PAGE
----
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College provides insurance through Aetna

By Michelle Lampariello

The College’s participation in the Student Health Insurance Plan provided by Aetna Student Health for the 2018-2019 academic year has changed the way students will receive coverage if they choose to purchase health insurance from the College.

All students at the College are required to have health insurance, whether they purchase it from the school or remain covered under a parent or guardian’s plan. Last year, students who purchased health insurance from the College were covered under UnitedHealthcare. Despite the switch from United to Aetna this academic year, coverage remains the same for all full-time students, with one key difference — their insurance is now accepted at InFocus Urgent Care in Campus Town.

InFocus accepts Aetna health insurance, unlike UnitedHealthcare. (Miguel Gonzalez / News Editor)

InFocus does not accept United health insurance, which put a financial burden on students who purchased their insurance from the College and then received treatment at the urgent care for injuries and illnesses including cold and flu viruses, STDs, broken bones, trauma and intoxication-related medical issues. InFocus also provides specialty treatments including travel vaccines, sports physicals and medication-assisted opioid dependency treatment.

The health insurance students purchased from the College for this academic year now covers any of these treatments, a luxury not afforded to students who purchased insurance from the College last academic year.

“They should be able to use their health insurance to receive any services at the urgent care,” said Dr. Seeta Arjun, head doctor and owner of InFocus.

For part-time students, who are not eligible to purchase health insurance through the College from neither United nor Aetna, as well as full-time students who are using their parents’ insurance, their experience at InFocus remains unchanged. However, those who receive coverage through the College’s new Aetna plan will now no longer have to face the hefty copay that once burdened students who purchased United insurance from the College, making the urgent care in Campus Town a more viable option for students seeking medical attention.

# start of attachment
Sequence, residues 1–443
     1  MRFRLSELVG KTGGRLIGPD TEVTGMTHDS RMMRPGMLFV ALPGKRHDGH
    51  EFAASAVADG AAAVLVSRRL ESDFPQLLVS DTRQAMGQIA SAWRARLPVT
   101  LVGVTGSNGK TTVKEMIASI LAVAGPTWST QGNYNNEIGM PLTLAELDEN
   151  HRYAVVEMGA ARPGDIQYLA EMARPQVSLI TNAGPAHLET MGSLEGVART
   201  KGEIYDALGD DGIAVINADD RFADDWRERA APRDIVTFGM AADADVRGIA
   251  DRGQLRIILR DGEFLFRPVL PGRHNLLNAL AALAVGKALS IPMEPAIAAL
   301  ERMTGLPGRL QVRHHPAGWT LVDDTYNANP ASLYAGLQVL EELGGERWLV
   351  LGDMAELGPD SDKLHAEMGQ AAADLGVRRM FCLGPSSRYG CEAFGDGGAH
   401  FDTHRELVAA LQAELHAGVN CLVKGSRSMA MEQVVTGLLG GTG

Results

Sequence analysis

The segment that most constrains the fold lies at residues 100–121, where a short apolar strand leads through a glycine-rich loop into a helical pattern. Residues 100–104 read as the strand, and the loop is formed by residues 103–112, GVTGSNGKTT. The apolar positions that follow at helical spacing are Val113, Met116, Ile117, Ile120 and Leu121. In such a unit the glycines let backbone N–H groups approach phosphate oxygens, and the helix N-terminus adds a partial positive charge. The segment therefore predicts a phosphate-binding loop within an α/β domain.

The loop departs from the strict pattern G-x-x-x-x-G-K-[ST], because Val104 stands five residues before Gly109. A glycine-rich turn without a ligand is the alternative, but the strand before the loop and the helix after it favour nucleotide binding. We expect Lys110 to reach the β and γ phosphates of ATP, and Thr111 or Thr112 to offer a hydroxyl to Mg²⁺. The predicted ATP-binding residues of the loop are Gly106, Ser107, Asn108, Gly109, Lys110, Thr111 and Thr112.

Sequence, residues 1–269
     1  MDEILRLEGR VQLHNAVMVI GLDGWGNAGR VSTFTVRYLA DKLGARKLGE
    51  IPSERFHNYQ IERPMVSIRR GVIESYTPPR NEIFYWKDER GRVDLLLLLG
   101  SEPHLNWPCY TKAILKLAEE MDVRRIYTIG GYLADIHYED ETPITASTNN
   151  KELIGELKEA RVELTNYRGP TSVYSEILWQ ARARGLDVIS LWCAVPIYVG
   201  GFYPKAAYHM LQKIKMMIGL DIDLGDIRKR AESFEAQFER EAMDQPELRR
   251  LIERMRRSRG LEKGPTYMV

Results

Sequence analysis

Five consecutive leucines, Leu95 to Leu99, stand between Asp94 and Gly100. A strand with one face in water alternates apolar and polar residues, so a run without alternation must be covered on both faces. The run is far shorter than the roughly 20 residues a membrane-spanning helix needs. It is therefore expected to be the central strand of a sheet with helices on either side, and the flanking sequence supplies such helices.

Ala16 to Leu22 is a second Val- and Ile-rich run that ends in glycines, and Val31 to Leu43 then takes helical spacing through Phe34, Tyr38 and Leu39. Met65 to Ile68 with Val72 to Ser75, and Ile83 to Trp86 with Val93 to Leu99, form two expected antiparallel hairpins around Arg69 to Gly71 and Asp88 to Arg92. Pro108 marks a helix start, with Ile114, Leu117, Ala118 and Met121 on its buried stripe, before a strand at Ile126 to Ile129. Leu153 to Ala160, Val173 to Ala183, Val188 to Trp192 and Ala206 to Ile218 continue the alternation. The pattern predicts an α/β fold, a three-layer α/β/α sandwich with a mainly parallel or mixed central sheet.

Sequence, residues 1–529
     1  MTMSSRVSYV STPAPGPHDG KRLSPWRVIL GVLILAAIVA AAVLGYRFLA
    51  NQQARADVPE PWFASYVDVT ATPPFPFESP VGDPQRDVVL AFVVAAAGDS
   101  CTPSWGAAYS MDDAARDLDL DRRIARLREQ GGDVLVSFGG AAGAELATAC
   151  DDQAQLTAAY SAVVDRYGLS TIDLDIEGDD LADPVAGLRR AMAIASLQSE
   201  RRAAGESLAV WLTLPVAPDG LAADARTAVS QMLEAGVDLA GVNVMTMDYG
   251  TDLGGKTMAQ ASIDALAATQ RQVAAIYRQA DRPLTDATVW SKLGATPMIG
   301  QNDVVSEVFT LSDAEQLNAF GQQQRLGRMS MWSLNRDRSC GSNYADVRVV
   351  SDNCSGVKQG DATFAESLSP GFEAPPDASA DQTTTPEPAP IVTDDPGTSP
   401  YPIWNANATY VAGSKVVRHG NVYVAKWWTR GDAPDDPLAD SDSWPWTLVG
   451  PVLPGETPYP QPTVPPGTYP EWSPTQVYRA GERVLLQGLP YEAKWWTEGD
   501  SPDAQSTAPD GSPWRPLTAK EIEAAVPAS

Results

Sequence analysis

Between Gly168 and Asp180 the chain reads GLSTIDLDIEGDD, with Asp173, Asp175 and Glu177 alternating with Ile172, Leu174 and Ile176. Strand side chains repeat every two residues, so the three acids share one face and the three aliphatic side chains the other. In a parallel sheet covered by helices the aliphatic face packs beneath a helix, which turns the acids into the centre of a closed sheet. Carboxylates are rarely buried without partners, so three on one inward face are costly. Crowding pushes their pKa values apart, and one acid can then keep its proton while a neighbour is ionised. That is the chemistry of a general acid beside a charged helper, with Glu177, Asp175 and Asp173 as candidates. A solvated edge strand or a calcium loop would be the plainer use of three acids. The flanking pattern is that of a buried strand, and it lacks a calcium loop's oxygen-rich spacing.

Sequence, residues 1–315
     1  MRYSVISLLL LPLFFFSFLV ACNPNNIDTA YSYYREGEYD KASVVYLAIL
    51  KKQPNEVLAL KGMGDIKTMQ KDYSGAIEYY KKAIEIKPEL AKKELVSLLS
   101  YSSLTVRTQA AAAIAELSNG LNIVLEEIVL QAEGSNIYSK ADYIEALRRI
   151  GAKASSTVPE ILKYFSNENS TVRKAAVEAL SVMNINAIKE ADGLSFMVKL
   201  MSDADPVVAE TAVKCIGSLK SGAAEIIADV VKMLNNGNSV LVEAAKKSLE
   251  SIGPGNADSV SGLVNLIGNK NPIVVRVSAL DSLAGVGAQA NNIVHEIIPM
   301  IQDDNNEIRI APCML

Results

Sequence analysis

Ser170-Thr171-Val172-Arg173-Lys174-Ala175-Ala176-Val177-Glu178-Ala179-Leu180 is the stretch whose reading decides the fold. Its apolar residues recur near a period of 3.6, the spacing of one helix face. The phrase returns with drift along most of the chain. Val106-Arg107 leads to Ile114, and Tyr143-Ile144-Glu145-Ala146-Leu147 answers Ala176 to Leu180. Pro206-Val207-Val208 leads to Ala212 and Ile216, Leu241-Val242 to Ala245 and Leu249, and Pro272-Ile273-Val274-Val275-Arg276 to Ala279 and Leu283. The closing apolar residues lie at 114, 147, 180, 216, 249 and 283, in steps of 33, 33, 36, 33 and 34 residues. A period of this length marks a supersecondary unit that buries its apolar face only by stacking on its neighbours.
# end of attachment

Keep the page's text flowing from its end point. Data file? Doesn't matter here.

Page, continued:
“Previously we were not in network with United, but now that they switched over to Aetna it will make it much easier to take care of the student population,” said Scott Perrine, InFocus’ Director of Corporate Development.

Students who purchase insurance from the College will still be responsible for a copay if they receive care at InFocus, but the cost has become much more manageable now that the College is participating with a plan that is also accepted by the urgent care, as students will no longer have to pay the full fee for their visit.

Perrine and Arjun estimate that within the next 30-60 days, they will be able to determine if the College’s switch from United to Aetna has made an impact on the number of students who choose to receive treatment at InFocus.


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